Duly Noted: A Brief Survey of Dr. Barton’s Treatments
Benjamin Smith Barton (1766-1815) was an early member of the American Philosophical Society (APS), who distinguished himself in many ways. He wrote the first botany text book in America, served as a physician at Pennsylvania Hospital (the first institution of its kind in the colonies), and taught medicine, botany, and natural history at the newly formed University of Pennsylvania.* Barton’s passion for pursuing these complementary subjects continued through his lifetime, as is evidenced in his papers now held at APS. Additionally, his portrait by Samuel Jennings is displayed in Library Hall’s Board Room (see above).
While there are many themes in Barton’s papers that merit exploration (his collection relates to both our Early American and History of Science holdings), I was interested in examining a few treatments found in his medical notes. These records are a fascinating compendium of 18th-century medical thought, which reflect knowledge that Barton gained from a variety of sources—through both formal training and informal communication—with the common denominator being a dedication to public health. Barton’s medical notes document his participation in gathering and disseminating information with a healing network of trained physicians and lay practitioners.** While this brief survey touches on a few examples, they provide a fascinating snapshot of medical treatments that happened in the late 18th and early 19th century.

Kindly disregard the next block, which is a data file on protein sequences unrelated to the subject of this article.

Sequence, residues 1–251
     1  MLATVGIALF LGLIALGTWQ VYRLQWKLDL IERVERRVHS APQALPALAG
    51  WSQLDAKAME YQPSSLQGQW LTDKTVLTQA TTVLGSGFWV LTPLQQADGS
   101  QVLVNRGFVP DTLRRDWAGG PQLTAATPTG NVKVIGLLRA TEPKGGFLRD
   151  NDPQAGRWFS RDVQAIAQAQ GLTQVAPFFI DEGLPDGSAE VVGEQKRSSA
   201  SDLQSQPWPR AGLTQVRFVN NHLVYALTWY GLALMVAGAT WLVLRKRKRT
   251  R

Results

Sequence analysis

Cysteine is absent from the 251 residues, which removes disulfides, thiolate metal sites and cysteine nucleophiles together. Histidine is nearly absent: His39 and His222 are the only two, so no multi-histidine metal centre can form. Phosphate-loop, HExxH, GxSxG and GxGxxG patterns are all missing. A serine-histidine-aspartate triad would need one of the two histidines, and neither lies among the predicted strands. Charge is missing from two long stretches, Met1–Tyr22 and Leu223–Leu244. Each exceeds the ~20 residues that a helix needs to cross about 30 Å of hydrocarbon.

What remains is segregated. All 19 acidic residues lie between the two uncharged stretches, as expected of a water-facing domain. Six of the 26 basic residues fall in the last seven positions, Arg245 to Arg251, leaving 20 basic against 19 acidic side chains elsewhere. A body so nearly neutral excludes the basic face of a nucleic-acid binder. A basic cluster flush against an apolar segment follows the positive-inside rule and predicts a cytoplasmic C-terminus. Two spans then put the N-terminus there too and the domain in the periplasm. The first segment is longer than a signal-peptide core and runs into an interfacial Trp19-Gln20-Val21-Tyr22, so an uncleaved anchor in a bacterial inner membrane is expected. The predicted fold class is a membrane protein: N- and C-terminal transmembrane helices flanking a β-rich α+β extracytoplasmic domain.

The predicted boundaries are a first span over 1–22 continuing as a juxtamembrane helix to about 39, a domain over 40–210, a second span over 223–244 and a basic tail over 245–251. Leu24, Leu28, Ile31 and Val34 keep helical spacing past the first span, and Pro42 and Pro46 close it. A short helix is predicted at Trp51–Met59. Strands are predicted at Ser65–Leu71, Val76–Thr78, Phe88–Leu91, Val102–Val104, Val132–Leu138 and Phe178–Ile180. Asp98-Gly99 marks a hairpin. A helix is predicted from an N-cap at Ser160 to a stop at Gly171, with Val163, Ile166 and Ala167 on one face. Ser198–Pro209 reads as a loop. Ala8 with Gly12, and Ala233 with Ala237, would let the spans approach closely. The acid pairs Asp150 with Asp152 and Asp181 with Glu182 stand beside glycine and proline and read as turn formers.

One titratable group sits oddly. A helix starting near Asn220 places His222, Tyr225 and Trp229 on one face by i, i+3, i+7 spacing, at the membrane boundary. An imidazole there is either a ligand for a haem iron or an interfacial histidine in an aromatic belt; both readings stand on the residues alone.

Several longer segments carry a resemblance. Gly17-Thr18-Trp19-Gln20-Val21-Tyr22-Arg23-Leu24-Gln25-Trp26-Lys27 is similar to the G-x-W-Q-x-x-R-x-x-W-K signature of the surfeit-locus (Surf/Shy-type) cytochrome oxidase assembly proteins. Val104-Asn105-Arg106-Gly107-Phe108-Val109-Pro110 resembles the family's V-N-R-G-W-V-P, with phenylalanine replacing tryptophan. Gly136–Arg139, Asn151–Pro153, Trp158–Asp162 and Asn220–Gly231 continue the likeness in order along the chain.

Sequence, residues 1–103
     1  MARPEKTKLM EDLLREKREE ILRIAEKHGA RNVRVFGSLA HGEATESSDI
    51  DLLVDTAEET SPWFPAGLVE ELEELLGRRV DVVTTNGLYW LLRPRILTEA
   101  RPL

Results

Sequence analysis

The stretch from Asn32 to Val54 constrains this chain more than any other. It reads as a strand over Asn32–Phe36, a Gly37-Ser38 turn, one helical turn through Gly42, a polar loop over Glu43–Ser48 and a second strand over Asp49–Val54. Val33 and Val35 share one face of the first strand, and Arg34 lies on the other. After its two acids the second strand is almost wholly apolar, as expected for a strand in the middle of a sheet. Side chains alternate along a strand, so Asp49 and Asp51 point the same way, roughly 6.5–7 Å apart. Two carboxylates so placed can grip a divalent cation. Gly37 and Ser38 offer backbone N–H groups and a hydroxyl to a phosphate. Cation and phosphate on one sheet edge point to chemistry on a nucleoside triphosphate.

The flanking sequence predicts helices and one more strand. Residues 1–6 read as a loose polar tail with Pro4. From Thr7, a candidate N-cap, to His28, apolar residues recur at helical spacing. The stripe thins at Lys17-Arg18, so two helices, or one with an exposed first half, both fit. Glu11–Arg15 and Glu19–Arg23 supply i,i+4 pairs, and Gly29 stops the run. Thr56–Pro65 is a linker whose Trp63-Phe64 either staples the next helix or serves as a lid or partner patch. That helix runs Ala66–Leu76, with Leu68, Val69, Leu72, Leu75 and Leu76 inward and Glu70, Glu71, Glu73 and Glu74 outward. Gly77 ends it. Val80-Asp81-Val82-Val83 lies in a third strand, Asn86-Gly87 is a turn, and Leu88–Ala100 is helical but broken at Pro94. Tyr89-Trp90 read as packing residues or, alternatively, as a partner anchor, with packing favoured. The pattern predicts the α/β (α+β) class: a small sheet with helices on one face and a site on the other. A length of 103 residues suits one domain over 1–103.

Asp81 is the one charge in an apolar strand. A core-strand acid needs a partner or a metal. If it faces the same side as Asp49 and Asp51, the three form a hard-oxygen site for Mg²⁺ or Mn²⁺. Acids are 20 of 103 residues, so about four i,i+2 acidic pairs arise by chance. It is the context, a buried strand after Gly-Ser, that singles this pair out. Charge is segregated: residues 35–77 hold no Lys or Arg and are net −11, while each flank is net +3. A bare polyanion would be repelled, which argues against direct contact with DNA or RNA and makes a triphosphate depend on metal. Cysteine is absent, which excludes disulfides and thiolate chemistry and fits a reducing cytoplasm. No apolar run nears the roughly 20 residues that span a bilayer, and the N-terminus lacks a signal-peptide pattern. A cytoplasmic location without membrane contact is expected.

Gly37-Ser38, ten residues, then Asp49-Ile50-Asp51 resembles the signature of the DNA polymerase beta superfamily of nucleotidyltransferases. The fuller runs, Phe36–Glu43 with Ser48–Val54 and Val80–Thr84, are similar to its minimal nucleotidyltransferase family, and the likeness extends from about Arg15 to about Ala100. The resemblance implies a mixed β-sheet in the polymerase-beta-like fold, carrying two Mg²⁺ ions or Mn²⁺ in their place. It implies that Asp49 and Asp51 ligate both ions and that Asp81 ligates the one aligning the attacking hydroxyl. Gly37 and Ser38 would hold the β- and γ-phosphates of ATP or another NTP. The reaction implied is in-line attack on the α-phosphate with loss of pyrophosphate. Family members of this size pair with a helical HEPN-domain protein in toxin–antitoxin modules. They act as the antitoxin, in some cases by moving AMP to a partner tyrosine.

Formal influences in Barton’s medical practice can be attributed to the School of Medicine at the University of Edinburgh, which he attended from 1786 to 1788. However, due to financial hardship and other challenges, Barton was unable to complete his studies there. (He would later obtain a medical degree from the University of Kiel in 1796). When Barton returned to Philadelphia, there was some continuity with his Scottish education, because many of his peers received training in Edinburgh, as well. Interestingly enough, the thistle insignia of the University of Pennsylvania’s Medical School acknowledges the relationship between the two communities. Barton also worked alongside Edinburgh-trained doctors at Pennsylvania Hospital, such as his mentor, Benjamin Rush (1746-1813).
As another APS member, Rush was a recognized physician, civic leader, and father of American psychiatry. While we question the practice today, Rush advocated for blood-letting, a common treatment in the 18th century. Given this context, it’s not surprising to see that Barton’s medical note on pleurisy recommended “bleeding” as the first course of action (see above, left). It echoes the philosophy espoused in Rush’s book, Medical inquiries and observations: containing an account of the bilious remitting and intermitting yellow fever, as it appeared in Philadelphia in the year 1794. Together with an inquiry into the proximate cause of fever; and a defence of blood-letting as a remedy for certain diseases (see above, right). A copy of this volume is part of the APS rare book collection.